HIV Transmission High Among Female Sex Workers

Interventions for female sex workers in Tanzania could help in reducing the incidence of HIV in this population.

The incidence and transmission of HIV remains high in female sex workers (FSW) in Tanzania according to a study published in Frontiers in Reproductive Health.1 Future interventions could help in reducing both the transmission and incidence in this population of patients.

There are approximately 39 million people in the world living with HIV as of 2022.2 The incidence of HIV per year is 0.18% in adults aged 15 years and older in Tanzania; however this rate is higher in women at 0.24% compared with 0.11% in men. FSW are a population of particular concern when it comes to the high incidence rate, as FSWs bear a significant HIV burden in both Eastern and Southern Africa of up to 33.3%. HIV estimates for FSWs in Tanzani have been lacking. This study aimed to use a sample size within a real-life program that delivered HIV prevention interventions focusing on FSWs to offer insights into the HIV epidemic.

HIV transmission in female sex workers can be addressed with targeted interventions | Image credit: fizkes -

HIV transmission in female sex workers can be addressed with targeted interventions | Image credit: fizkes -

Data from the Sauti Project was used for this analysis. The Sauti Project is a United States President’s Emergency Plan for AIDS Relief funded and administered by the United States Agency for International Development. The project provides HIV prevention, treatment, and sexual and reproductive health care. The Project ran from October 2015 to January 2020.

This study used data regarding seroconversion and associated factors in FSWs from October 2016 to September 2018. Data also included clients of FSWs (CFSWs), men who have sex with men (MSM), adolescent girls, young women, children of FSWs, and those who lived in areas with a high risk of infection from HIV. FSWs aged 18 years and older made up the participants in this study. A project monitoring database was used to enter de-identified data, which included daily HIV testing. Patients were excluded if they had a positive follow-up HIV test within 4 weeks of an initial negative test or who had a first negative HIV test on or after April 2018. Patients were included if they had an initial negative HIV test and had at least 1 follow up test at a subsequent visit.

Age, education level, condom use, sexually transmitted infection (STI) screening results, and marital status were all collected. Seroconversion of HIV at least 4 weeks after the initial negative test result was the primary outcome of the study. Rapid diagnostic tests were used for this function.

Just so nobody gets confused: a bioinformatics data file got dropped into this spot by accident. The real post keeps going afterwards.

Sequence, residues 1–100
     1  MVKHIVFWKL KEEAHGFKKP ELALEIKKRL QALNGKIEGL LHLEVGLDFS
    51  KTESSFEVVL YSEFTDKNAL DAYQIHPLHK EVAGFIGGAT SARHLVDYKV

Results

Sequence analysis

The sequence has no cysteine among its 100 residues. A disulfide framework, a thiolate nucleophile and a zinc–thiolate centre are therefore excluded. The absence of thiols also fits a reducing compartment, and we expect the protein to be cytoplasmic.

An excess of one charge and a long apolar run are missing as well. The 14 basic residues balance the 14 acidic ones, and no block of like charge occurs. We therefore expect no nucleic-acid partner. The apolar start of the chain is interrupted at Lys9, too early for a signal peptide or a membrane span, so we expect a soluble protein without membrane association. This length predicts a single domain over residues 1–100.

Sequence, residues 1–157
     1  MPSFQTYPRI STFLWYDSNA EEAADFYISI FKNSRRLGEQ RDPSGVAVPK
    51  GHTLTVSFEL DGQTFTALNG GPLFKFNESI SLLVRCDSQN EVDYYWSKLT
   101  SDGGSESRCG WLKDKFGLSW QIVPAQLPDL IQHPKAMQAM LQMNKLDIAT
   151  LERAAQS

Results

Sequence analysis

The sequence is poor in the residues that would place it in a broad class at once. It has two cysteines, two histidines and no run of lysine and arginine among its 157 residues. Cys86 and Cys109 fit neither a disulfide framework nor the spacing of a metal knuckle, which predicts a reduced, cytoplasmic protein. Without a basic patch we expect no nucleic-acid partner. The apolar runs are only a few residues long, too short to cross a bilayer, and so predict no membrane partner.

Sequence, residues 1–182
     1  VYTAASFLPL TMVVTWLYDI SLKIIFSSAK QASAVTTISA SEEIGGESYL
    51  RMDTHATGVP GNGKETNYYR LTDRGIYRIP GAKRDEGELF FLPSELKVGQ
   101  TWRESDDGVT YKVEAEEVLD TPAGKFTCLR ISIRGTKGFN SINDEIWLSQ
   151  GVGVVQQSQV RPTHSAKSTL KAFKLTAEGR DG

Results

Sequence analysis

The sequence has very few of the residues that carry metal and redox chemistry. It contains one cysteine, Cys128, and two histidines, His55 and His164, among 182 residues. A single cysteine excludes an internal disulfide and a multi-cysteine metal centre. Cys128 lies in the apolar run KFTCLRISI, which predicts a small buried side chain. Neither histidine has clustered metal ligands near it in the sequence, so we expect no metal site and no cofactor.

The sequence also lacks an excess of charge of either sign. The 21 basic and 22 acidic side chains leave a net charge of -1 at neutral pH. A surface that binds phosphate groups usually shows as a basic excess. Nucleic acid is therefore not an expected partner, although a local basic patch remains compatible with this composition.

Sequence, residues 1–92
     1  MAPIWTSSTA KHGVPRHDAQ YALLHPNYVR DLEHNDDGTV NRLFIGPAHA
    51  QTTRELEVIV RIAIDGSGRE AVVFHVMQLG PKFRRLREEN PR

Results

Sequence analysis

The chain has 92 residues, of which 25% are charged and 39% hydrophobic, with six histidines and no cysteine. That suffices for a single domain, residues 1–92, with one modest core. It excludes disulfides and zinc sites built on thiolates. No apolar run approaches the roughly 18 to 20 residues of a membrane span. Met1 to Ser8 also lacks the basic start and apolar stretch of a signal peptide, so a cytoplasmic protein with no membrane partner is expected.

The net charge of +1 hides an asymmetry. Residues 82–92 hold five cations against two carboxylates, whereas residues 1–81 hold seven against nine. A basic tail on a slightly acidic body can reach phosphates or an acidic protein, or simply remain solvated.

There were 17,977 patients included in this study, of whom 68.2% were aged between 25 and 34 years, 45.7% had completed primary school, and 92.5% had tested negative for STIs. There were 38,037 additional tests that were performed after all participants had an initial test, which equaled 2.1 tests per FSW. Seroconversions occurred in 6.6% of the participants more than 1 month after the baseline test and the overall seroconversion rate was 8.6 per 100 person years. The median (IQR) follow-up time was 7.8 (4.4-13.4) months.

FSWs who were aged 35 years and older had a higher rate of seroconversion at 20.6 per 100 person years. This also applied to patients who were diagnosed with STIs (16.1 per 100 person years), and FSWs who did not report condom use in their last 3 occasions of intercourse (9.1 per 100 person years).

FSWs who were aged 35 years and older had a higher risk of seroconversion compared with FSWs aged 18 to 24 years (adjusted HR, 2.53; 95% CI, 2.03-3.14). Patients who reported not using a condom (adjusted HR 1.27; 95% CI, 1.13-1.42) had a higher risk of seroconversion compared with those who sometimes or always used a condom and patients who had secondary education had the lowest risk of seroconversion (adjusted HR, 0.51; 95% CI, 0.42-0.63) compared with those who did not complete school.

There were some limitations to this study. There could have been unmeasured confounding factors due to the retrospective data used. The results may not be applicable to all FSWs in Tanzania or other countries. Long-term trends may not have been collected due to the shorter timeframe.

The researchers concluded that targeted interventions for FSWs could help to reduce HIV transmission in this demographic. Expanding HIV prevention services to FSWs, including timely screening and treatment, could help in reducing the risk of HIV transmission in the future.


  1. Mbita G, Mwanamsangu A, Komba AN, et al. HIV seroconversion among female sex workers: retrospective cohort study from a large-scale HIV prevention and sexual and reproductive health program in Tanzania. Front Reprod Health. 2024;6:1332236. doi:10.3389/frph.2024.1332236
  2. The global impact of HIV & AIDS. Updated November 15, 2023. Accessed July 2, 2024.
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